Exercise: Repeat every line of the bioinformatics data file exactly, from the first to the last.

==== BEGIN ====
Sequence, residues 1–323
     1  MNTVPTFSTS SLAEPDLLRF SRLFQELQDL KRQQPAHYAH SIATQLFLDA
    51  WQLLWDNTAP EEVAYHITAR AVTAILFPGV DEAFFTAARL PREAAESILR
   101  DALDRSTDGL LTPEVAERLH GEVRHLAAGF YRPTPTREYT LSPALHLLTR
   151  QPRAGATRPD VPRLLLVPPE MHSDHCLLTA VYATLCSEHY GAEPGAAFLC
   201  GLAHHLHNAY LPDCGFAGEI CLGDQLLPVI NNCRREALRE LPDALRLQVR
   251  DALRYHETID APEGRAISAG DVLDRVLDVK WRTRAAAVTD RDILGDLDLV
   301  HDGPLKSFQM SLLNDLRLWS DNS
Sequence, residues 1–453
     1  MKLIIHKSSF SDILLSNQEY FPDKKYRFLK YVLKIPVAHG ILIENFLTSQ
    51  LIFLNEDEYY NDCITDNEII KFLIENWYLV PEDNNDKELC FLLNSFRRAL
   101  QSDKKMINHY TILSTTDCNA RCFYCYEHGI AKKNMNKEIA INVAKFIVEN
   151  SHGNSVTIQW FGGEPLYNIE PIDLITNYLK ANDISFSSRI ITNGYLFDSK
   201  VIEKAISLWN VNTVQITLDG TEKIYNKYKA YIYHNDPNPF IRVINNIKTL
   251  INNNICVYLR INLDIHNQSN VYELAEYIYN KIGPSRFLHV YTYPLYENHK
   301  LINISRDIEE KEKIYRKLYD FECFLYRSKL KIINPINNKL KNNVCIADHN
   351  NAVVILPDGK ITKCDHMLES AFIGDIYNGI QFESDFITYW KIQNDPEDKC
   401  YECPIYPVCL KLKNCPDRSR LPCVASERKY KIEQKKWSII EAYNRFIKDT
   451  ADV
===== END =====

Sequence, residues 1–323
     1  MNTVPTFSTS SLAEPDLLRF SRLFQELQDL KRQQPAHYAH SIATQLFLDA
    51  WQLLWDNTAP EEVAYHITAR AVTAILFPGV DEAFFTAARL PREAAESILR
   101  DALDRSTDGL LTPEVAERLH GEVRHLAAGF YRPTPTREYT LSPALHLLTR
   151  QPRAGATRPD VPRLLLVPPE MHSDHCLLTA VYATLCSEHY GAEPGAAFLC
   201  GLAHHLHNAY LPDCGFAGEI CLGDQLLPVI NNCRREALRE LPDALRLQVR
   251  DALRYHETID APEGRAISAG DVLDRVLDVK WRTRAAAVTD RDILGDLDLV
   301  HDGPLKSFQM SLLNDLRLWS DNS
Sequence, residues 1–453
     1  MKLIIHKSSF SDILLSNQEY FPDKKYRFLK YVLKIPVAHG ILIENFLTSQ
    51  LIFLNEDEYY NDCITDNEII KFLIENWYLV PEDNNDKELC FLLNSFRRAL
   101  QSDKKMINHY TILSTTDCNA RCFYCYEHGI AKKNMNKEIA INVAKFIVEN
   151  SHGNSVTIQW FGGEPLYNIE PIDLITNYLK ANDISFSSRI ITNGYLFDSK
   201  VIEKAISLWN VNTVQITLDG TEKIYNKYKA YIYHNDPNPF IRVINNIKTL
   251  INNNICVYLR INLDIHNQSN VYELAEYIYN KIGPSRFLHV YTYPLYENHK
   301  LINISRDIEE KEKIYRKLYD FECFLYRSKL KIINPINNKL KNNVCIADHN
   351  NAVVILPDGK ITKCDHMLES AFIGDIYNGI QFESDFITYW KIQNDPEDKC
   401  YECPIYPVCL KLKNCPDRSR LPCVASERKY KIEQKKWSII EAYNRFIKDT
   451  ADV